Correction Appended: April 15, 2013
His Holiness Benedict XVI — Emeritus Pope, as he is now officially known — wasn’t kidding when he cited health reasons for his historic resignation back in February.
“Benedict is in a very bad way. In the last 15 days he has undergone a tremendous physical deterioration. We won’t have him with us for very much longer,” veteran Vatican journalist Paloma Gomez-Borerro tells The Telegraph.
Though how long that might be is a matter of great speculation, as other Vatican sources have played down such reports, accusing Gomez-Borrero of being “alarmist.” (Her comments came during an event to promote her new book about the transition between Benedict and Francis.) While the former pontiff had his pacemaker replaced earlier this year, Vatican officials insist that “Benedict XVI is not suffering from any specific chronic illness, ” according to the Vatican Insider.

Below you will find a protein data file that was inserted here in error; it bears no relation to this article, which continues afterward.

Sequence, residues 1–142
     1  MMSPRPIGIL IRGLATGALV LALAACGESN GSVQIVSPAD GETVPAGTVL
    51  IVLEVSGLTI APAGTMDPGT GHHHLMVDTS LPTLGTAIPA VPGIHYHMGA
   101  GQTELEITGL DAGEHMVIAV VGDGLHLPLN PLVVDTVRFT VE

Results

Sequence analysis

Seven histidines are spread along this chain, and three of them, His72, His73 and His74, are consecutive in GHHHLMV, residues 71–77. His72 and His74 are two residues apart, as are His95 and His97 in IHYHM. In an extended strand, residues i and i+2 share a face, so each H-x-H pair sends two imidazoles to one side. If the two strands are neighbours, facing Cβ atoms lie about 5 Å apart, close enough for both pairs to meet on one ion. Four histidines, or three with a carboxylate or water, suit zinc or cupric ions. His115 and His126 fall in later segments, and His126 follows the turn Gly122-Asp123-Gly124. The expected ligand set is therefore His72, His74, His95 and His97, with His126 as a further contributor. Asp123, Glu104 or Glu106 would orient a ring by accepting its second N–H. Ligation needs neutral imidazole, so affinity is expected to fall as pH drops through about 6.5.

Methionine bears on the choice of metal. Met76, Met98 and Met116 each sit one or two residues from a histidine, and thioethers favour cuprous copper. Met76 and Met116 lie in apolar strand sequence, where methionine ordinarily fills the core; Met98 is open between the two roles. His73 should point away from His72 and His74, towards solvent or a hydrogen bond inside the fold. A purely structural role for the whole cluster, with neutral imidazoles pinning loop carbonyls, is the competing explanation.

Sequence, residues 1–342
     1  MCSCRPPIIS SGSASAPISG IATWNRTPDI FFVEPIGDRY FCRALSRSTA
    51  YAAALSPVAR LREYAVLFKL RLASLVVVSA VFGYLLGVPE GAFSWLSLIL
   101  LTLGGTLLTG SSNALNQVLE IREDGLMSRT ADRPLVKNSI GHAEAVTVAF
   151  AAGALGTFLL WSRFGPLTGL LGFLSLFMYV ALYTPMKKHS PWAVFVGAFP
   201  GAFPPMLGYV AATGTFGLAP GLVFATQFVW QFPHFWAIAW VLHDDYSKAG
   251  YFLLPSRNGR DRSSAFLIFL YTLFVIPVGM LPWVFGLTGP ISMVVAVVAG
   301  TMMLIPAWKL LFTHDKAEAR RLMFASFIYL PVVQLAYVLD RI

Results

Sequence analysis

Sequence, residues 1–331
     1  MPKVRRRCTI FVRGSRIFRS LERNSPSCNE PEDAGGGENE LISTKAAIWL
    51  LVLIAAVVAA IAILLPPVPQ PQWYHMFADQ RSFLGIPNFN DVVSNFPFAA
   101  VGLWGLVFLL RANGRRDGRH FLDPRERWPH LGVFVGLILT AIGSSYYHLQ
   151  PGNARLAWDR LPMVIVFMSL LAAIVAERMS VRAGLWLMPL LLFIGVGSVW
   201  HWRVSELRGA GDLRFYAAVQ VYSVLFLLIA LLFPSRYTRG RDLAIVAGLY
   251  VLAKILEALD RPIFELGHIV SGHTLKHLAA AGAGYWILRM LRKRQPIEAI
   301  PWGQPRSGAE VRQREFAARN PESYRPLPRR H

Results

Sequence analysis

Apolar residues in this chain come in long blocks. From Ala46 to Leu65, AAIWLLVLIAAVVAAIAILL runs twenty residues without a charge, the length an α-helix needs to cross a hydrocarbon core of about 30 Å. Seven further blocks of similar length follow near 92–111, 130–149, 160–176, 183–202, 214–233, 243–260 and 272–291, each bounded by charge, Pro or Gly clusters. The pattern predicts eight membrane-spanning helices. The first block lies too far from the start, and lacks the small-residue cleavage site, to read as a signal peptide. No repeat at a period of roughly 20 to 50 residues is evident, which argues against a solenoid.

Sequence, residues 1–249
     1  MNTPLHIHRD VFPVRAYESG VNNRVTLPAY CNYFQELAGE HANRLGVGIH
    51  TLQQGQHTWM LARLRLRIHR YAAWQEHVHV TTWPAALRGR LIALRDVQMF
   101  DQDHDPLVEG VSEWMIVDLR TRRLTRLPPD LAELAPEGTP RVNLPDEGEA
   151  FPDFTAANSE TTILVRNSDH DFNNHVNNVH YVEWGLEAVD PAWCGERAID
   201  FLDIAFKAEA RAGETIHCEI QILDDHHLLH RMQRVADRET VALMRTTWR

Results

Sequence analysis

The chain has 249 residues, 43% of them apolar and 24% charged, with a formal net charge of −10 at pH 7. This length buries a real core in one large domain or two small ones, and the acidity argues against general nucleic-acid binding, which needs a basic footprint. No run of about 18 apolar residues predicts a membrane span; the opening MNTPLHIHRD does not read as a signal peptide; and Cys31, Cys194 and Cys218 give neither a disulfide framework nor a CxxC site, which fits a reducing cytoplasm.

Yet, it has been previously reported that the former Pope, who will turn 86 on April 16, is “nearly blind in one eye” and has been suffering repeated falls. “Anyone who has watched the Pope over the last few months has seen that he has deteriorated,” one source tells The Telegraph.
Benedict XVI’s predecessor, Pope John Paul II, served from 1978 until his death in 2005, just one month shy of his 85th birthday. According to Catholic News Agency, Benedict XVI, before he resigned, made the same number of trips that John Paul II did in the same span of time during his pontificate. A voluntary resignation hasn’t happened to the papacy since 1415.
“His health problems are purely to do with old age,” said the director of the Holy See Press Office, Fr. Federico Lombardi in a statement released to Catholic news agency Aci Prensa. “But to say that he has an illness is foolish. There is no basis for this,” the press officer said.
The original version of this article said that Pope John Paul II died in 1985. His death, and the end of his pontificate, was in 2005.